“The path forward is in your hands,” so says Endurance Specialty Holdings in a letter to Aspen Insurance Holdings shareholders urging them to take measures to support Endurance’s $3.2 billion hostile bid for Aspen.
The letter, unveiled today, asks Aspen shareholders to support Endurance’s two proposals unveiled June 2 in an SEC filing. The first proposal calls for a Special General Meeting during with shareholders would consider a proposal to expand Aspen’s board from 12 to 19 directors, resulting in a majority of the current directors to stand for election at Aspen’s 2015 annual general meeting.
In support of this action, Endurance again levels its charge that Aspen’s board and management are pursuing an “entrenchment” strategy in rejecting Endurance’s bid. The letter says, “Aspen’s entrenchment device of a classified board, coupled with its restrictive bye-law provisions, have necessitated this action to ensure Aspen’s shareholders have a voice in the direction of their company.”
Endurance further asks shareholders to support its proposal for a Scheme of Arrangement, which calls for a court-ordered meeting of Aspen shareholders to directly consider and vote on Endurance’s acquisition proposal.
“Your support for the authorization concerning the Scheme of Arrangement does not require you to vote for the Scheme if the court-ordered meeting is held,” the letter, signed by Endurance Chairman and CEO John R. Charman, says. “It merely expresses your support for such a meeting at which your voice can finally be heard.”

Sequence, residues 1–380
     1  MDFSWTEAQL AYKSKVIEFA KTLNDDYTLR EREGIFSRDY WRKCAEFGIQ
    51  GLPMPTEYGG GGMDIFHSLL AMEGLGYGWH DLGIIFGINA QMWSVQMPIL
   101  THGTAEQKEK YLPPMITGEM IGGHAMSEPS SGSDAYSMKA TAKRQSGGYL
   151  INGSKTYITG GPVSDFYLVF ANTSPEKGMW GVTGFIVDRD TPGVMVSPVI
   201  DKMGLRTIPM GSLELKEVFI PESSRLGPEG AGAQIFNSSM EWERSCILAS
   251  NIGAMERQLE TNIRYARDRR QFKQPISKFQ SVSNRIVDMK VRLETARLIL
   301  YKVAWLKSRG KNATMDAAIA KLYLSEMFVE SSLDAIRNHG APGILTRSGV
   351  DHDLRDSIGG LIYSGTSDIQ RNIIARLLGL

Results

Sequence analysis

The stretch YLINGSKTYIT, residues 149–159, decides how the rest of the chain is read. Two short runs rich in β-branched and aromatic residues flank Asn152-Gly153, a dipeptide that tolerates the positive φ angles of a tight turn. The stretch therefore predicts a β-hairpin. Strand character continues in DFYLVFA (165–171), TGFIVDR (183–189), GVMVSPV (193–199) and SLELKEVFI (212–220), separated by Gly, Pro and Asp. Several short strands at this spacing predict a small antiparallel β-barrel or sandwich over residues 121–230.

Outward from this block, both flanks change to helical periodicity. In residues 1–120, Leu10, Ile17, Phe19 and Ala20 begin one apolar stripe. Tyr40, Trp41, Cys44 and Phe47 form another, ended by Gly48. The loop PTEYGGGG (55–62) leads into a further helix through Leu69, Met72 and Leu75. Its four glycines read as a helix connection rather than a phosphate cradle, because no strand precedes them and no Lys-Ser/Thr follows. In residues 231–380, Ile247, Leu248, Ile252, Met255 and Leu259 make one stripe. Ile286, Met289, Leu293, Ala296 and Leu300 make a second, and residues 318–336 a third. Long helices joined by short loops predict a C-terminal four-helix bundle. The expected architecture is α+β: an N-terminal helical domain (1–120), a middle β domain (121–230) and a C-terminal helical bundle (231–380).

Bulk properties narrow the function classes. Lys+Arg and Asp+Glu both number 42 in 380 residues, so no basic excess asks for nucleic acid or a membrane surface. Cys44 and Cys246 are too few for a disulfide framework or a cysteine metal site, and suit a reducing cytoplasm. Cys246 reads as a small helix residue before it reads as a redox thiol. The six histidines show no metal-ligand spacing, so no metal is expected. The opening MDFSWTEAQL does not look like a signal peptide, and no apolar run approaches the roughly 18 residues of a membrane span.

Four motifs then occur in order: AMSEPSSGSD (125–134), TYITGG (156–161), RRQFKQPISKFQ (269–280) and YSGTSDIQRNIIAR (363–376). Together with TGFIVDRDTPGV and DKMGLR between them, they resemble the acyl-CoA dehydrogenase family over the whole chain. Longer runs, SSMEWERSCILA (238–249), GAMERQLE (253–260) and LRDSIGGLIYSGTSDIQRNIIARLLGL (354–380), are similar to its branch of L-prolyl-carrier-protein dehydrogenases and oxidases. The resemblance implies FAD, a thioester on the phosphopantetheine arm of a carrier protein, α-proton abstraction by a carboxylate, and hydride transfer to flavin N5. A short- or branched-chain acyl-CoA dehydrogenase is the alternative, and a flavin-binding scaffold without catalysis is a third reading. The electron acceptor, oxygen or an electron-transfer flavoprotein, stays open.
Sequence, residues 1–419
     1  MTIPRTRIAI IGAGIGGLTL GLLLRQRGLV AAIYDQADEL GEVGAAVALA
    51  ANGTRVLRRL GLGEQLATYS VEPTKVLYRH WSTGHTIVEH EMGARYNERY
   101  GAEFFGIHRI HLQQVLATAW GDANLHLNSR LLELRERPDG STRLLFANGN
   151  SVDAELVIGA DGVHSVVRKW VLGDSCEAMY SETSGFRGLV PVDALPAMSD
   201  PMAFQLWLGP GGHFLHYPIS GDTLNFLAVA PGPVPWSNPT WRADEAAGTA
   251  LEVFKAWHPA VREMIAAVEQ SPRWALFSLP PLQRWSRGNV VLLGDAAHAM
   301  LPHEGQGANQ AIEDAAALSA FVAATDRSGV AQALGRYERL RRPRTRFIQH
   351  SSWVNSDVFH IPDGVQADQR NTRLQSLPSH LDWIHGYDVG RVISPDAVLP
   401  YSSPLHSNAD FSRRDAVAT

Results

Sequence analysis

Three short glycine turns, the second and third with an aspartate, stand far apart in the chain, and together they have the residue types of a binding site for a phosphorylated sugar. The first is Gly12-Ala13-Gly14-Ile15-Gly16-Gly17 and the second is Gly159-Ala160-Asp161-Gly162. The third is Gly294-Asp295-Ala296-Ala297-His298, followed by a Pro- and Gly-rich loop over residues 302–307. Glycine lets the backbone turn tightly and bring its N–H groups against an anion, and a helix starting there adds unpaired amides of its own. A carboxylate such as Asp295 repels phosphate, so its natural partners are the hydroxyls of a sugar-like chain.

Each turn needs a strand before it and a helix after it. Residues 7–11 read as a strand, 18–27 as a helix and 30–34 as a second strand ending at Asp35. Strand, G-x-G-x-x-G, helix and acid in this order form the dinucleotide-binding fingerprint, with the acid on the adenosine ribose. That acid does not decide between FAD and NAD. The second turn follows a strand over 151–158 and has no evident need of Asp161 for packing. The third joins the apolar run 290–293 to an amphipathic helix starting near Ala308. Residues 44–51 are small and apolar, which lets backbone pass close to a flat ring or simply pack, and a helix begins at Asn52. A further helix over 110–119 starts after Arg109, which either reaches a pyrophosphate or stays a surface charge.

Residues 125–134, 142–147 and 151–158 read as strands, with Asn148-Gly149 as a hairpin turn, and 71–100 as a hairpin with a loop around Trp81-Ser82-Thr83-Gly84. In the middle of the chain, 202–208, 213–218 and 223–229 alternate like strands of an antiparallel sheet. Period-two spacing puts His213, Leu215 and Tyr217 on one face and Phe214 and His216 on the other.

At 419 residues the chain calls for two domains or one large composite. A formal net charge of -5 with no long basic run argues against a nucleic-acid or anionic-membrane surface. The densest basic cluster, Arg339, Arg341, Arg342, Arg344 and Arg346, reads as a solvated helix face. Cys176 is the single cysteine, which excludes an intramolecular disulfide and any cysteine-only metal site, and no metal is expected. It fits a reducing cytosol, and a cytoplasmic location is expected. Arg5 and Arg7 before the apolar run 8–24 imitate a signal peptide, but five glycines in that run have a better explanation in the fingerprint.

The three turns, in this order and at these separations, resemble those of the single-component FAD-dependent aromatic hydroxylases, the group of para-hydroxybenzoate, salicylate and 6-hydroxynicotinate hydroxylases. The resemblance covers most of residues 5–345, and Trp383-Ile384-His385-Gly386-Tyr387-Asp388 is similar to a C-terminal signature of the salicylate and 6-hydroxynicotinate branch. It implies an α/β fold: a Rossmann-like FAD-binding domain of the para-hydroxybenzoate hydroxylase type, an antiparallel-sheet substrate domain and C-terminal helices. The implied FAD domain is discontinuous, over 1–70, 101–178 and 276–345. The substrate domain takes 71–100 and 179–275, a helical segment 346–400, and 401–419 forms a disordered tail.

The letter includes a white authorization and consent card. “By voting for the two proposals on your white card, you will be endorsing actions that can provide you the direct opportunity to vote for Endurance’s proposal through a Scheme of Arrangement under Bermuda law, as well as the right to elect a majority of Aspen directors who will place the interests of Aspen’s shareholders first,” the letter says.
Announcement of the letter comes a day after Aspen’s board unanimously rejected Endurance’s exchange offer, commenced June 9, of $49.50 per Aspen common share. Glyn Jones, chairman of Aspen’s board, said in a statement yesterday, “The Aspen board of directors is unanimous in its belief that the Endurance offer significantly undervalues Aspen and fails to reflect the value of our business and strong future prospects. We are highly confident that Aspen can achieve more value for its shareholders—and without the significant risks that are inherent in a merger with Endurance—by continuing to execute its strategic business plan.”
The vote and statements prompted a response from Endurance accusing Aspen’s board and management of presenting “no credible plan to deliver value that can compete with what we are offering.”
Aspen declined to comment on Endurance’s letter beyond its statements yesterday.
Endurance claims it knows from “extensive engagement with Aspen shareholders” that many are frustrated by the response from Aspen’s board and management. That will likely be tested by the shareholder response to Endurance’s letter.